Dead Whales

Almost 400 pilot whales have died in Tasmania in what is thought to be Australia’s largest ever mass stranding.

An estimated 270 whales were first discovered on a beach and two sandbars on the west coast of the Australian state on Monday, before another 200 were then seen from a helicopter on Wednesday, stranded just six miles south of the first group.

Nic Deka, the Tasmania Parks and Wildlife service manager, confirmed on Wednesday afternoon local time that all the animals in the second group had died, bringing the total death toll to 380.

“We’ll continue to work to free as many of the animals as we can,” Mr Deka said. “We’ll continue working for as long as there are live animals,” he added.

Fifty animals were rescued on Tuesday and helped back to the open ocean, according to Mr Deka.

Almost 500 pilot whales stranded on Australian island state
Hundreds more pilot whales found stranded on Australian coast
Hundreds more pilot whales found stranded on Australian coast
Dead minke whales found tangled in fishing nets off Yorkshire coast
Dead minke whales found tangled in fishing nets off Yorkshire coast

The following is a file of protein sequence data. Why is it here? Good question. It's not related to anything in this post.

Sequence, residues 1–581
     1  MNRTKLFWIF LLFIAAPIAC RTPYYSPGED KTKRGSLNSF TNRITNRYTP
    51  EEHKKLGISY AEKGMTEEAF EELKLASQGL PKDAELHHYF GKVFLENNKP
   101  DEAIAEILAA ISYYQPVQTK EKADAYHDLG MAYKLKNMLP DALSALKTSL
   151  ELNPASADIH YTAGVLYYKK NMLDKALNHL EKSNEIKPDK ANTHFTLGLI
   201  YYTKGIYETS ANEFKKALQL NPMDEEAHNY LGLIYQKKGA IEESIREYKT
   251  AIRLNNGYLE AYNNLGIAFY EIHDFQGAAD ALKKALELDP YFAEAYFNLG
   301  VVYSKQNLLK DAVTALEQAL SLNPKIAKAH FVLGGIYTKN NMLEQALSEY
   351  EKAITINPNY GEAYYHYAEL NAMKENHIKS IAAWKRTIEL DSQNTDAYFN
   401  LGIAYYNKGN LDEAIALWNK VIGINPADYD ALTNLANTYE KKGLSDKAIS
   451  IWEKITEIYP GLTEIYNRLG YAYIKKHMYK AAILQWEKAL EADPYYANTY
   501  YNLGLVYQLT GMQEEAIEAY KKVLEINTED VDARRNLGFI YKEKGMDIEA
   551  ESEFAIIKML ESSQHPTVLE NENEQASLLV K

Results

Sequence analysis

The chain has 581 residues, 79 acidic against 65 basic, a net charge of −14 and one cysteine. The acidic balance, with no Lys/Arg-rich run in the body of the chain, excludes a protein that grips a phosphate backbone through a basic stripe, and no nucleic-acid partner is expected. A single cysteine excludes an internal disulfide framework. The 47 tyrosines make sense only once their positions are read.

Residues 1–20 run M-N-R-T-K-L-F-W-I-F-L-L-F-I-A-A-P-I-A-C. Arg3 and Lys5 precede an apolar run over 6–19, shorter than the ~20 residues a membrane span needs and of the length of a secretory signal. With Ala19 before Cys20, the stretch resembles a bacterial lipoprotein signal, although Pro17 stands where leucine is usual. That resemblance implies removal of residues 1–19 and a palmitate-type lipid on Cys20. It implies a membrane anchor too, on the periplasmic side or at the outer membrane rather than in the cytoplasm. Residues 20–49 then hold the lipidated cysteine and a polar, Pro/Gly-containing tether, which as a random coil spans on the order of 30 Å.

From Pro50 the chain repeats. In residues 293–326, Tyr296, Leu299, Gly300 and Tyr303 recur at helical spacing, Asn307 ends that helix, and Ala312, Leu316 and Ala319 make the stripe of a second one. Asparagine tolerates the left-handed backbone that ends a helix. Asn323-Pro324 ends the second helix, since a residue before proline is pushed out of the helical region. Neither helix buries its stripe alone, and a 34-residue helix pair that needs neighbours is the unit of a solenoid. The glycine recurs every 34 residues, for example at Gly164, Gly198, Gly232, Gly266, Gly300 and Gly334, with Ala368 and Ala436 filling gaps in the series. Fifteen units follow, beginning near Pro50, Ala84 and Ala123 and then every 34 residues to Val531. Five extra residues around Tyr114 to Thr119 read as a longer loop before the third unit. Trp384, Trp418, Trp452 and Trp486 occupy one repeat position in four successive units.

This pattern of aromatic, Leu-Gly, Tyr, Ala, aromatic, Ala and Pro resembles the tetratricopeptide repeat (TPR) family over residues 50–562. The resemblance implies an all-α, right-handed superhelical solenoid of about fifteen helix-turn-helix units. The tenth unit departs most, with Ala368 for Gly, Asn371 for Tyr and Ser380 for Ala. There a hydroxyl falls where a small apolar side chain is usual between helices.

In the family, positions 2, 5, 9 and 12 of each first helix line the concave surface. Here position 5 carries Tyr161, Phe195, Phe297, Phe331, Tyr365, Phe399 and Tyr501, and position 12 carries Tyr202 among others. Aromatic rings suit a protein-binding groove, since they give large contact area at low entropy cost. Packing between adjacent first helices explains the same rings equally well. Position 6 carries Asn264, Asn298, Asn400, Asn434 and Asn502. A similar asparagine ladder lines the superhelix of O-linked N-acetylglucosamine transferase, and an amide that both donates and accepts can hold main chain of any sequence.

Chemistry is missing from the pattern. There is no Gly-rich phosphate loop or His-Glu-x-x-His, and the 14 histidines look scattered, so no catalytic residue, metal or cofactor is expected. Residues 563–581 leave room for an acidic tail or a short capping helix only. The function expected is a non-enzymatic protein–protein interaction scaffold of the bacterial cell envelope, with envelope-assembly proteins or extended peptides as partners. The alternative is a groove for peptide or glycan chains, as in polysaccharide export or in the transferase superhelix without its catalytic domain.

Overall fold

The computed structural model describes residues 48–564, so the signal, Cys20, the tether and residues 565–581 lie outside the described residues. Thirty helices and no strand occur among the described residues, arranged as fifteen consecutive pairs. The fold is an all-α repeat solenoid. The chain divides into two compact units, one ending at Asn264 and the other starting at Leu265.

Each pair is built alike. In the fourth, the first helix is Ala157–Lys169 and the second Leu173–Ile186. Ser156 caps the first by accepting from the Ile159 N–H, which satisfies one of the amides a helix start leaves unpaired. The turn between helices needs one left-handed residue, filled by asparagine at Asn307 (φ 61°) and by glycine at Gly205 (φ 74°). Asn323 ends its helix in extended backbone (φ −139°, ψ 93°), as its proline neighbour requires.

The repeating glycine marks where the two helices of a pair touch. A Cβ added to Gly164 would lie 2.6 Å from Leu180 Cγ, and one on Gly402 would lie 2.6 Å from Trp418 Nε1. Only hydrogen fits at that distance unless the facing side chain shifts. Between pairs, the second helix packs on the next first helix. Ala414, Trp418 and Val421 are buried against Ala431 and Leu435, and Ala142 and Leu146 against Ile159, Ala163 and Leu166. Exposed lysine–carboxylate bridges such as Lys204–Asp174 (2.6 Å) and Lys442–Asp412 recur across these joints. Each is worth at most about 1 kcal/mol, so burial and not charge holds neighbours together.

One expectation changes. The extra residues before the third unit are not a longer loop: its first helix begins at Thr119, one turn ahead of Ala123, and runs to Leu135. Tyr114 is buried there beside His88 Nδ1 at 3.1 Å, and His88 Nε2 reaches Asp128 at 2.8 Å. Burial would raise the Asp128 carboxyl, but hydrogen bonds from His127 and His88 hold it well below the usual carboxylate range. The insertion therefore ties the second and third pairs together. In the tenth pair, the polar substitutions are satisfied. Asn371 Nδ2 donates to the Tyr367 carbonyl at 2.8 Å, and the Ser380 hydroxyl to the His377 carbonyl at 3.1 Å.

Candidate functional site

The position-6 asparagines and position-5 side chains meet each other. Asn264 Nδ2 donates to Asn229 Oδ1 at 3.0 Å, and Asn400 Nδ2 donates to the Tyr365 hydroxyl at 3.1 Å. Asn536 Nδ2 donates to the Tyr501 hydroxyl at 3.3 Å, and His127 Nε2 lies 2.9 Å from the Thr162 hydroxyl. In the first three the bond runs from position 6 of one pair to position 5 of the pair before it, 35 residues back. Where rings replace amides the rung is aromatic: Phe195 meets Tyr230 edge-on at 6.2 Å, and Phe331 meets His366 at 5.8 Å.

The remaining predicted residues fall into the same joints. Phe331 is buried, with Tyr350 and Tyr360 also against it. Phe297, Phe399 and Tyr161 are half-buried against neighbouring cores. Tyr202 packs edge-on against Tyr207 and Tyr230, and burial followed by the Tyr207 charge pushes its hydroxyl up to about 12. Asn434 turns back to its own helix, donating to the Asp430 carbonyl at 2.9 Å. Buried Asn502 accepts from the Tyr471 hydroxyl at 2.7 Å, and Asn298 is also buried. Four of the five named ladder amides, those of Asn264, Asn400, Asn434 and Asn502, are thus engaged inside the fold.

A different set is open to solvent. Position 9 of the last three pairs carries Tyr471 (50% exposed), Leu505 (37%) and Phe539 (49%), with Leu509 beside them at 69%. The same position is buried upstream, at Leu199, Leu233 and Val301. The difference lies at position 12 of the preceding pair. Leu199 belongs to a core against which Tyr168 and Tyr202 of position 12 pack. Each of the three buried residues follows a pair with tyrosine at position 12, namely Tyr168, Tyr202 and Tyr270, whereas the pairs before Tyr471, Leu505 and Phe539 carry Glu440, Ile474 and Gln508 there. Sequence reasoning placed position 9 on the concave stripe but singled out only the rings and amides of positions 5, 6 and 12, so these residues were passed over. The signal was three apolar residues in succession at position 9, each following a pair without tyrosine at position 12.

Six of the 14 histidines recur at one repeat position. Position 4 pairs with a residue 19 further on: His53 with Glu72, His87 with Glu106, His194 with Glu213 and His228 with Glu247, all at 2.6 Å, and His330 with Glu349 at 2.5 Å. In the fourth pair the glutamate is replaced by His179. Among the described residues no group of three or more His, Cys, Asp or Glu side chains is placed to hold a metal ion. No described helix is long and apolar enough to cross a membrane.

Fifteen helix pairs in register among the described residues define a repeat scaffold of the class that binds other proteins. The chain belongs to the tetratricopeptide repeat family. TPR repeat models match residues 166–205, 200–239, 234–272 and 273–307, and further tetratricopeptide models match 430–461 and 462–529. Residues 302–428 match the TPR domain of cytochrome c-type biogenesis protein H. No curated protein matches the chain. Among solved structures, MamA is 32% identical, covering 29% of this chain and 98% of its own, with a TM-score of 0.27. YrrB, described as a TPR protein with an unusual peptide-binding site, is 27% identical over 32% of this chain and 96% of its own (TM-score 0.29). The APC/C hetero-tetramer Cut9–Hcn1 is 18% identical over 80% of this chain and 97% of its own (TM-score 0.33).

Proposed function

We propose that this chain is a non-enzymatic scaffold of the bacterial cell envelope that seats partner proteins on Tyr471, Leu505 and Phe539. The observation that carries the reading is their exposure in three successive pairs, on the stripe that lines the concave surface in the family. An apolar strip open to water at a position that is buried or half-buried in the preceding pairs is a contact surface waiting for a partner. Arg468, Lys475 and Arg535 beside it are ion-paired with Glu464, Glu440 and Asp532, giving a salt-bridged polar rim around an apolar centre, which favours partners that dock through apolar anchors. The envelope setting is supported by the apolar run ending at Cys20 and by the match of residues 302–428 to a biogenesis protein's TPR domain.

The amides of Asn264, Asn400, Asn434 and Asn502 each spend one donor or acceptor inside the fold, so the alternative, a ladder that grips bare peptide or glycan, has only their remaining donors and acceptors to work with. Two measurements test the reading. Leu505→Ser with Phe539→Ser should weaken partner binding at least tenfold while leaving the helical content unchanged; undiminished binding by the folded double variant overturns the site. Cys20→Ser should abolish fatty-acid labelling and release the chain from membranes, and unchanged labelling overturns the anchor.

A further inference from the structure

Kris Carlyon, a wildlife biologist at the Marine Conservation Programme, said that the beaching of 470 whales constituted the “biggest” mass stranding ever recorded in Tasmania.

Mr Carlyon was optimistic about the possibility of rescuing more whales, saying “we’ve got a very good chance of getting more off that sandbar”.

Although the cause of the mass beaching is unknown, Vanessa Pirotta, a marine scientist, said it could have resulted from navigational errors.

Ms Pirotta added that the whales’ “very strong social system” was the reason for the high number of beached animals.

It is the first time since 2009 that more than 50 whales have become stranded together in Tasmania.

In 1996, 320 pilot whales washed up in Western Australia, while 600 animals from the same species were beached on New Zealand’s South Island in 2017.

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By Okoye Chidiebele

Am Flamboyant. Oku!

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